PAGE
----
In this section, the performance of our model is verified via various experiments using different types of datasets. These experiments include two degradation types: super-resolution with filtering intrinsic noise (i.e. ToF-like experiments) and filling the missing black pixels with filtering intrinsic noise (i.e. Kinect-like experiments). For datasets, our proposed method is tested on Middlebury datasets [30], where these datasets are modified to simulate ToF and Kinect-like degradation models. Moreover, our method is tested on real datasets. We also qualitatively and quantitatively compared our filtering method with the state-of-the-art methods: a low rank based method (LRM) [15], a mutual structure for joint filtering (MSJF) [18], the color guided AR model [16], RCG [20], muGIF [27], adaptive color guided non local means method (ACGMNLM) [31], and ACGMNLM with shock filter (ACGMNLM+SF) [31]. For super-resolution comparison, fast guided global interpolation method (FGI) [32] and learning dynamic guidance method (DG) [33] are used in addition to the mentioned methods. The parameters of our method are set as follows: $\alpha$ in Eq. (12) is set as 0.0002 for filtering task but 0.0005 divided by up-sampling rate for super-resolution task. $\epsilon _{t}$ and $\epsilon _{r}$ are set as 0.005 for the two tasks.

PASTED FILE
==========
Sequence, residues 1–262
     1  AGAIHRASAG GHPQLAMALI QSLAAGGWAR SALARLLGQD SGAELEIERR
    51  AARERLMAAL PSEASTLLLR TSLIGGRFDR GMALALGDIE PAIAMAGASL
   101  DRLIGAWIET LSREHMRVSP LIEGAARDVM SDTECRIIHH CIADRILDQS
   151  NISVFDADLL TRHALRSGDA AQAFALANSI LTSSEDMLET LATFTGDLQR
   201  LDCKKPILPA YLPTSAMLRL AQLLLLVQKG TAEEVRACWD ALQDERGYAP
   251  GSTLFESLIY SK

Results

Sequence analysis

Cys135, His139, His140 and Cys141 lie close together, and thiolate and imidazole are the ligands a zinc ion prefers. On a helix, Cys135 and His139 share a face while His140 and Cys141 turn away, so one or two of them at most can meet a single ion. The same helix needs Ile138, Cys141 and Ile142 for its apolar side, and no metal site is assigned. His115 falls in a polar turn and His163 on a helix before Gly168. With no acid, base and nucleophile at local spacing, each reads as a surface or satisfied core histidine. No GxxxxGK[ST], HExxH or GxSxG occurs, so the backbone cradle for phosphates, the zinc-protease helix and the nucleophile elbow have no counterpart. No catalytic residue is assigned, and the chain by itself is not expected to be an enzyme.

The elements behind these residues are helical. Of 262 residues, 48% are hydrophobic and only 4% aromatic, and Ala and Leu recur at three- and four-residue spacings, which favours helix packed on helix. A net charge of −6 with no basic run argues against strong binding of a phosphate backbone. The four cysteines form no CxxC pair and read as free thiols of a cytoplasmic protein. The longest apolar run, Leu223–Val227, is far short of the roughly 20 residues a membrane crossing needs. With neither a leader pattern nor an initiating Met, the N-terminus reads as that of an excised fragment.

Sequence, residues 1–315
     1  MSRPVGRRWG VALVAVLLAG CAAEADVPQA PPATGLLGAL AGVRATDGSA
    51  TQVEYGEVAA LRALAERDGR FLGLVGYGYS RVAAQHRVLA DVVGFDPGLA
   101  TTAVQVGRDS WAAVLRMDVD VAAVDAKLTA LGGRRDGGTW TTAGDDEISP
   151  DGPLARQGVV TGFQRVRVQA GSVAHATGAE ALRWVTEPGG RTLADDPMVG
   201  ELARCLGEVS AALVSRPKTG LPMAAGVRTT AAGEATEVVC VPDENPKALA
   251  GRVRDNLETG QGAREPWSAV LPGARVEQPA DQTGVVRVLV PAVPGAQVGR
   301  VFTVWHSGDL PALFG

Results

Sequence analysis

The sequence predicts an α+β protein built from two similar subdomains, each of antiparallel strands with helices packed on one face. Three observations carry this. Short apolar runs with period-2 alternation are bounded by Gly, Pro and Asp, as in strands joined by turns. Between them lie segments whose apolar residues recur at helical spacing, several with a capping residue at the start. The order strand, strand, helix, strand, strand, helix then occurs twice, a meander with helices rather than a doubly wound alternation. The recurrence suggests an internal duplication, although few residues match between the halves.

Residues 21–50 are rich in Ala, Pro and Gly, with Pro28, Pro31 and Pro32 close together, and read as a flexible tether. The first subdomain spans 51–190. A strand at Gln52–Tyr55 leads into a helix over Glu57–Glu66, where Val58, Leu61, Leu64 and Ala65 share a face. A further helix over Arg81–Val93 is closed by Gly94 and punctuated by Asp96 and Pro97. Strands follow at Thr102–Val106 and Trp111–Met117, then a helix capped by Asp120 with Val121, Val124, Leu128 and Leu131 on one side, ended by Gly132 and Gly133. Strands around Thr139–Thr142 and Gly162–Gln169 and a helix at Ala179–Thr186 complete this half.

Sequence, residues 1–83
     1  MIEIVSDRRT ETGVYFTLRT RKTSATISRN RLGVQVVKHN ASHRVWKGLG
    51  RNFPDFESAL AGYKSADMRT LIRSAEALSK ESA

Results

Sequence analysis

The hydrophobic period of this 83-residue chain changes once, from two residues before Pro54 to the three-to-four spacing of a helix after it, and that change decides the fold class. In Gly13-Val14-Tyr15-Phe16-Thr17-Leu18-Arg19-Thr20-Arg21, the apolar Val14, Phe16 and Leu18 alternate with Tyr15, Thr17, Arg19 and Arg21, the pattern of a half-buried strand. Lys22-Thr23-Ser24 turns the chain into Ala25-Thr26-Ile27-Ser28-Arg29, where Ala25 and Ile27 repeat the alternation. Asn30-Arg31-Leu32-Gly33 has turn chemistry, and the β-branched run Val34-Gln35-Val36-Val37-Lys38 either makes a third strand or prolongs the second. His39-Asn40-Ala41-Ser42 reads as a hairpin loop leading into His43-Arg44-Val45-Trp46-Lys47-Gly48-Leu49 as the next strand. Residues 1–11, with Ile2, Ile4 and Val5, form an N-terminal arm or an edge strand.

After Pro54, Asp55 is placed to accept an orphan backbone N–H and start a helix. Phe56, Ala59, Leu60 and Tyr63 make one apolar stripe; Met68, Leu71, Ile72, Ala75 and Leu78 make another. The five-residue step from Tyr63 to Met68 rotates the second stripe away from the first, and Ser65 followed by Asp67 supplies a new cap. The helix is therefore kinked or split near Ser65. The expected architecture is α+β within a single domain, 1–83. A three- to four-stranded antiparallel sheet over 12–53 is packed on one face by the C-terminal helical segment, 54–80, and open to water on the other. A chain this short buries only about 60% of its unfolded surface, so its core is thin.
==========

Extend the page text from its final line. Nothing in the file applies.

#### 3.1 Experiments on simulated and real Kinect depth maps

In this part of experiments, our method is tested on both simulated and real Kinect datasets. In regards to the simulated datasets, we also reuse the two simulated Kinect datasets used in [20], where the first dataset (D1) and the second dataset (D2) are prepared by [15] and [20] respectively. After that, we apply our method and the compared filters that are applicable for restoring the Kinect-like depth maps on these corrupted depth maps. Table 1 obtains the comparison between our proposed and other filtering methods performed on the simulated Kinect datasets in terms of MAE. From Table 1, it is clearly observed that our proposed method ranks the first, which has the smallest MAE for most depth maps in the two datasets. In addition, our average score outperforms the average scores of other filtering methods.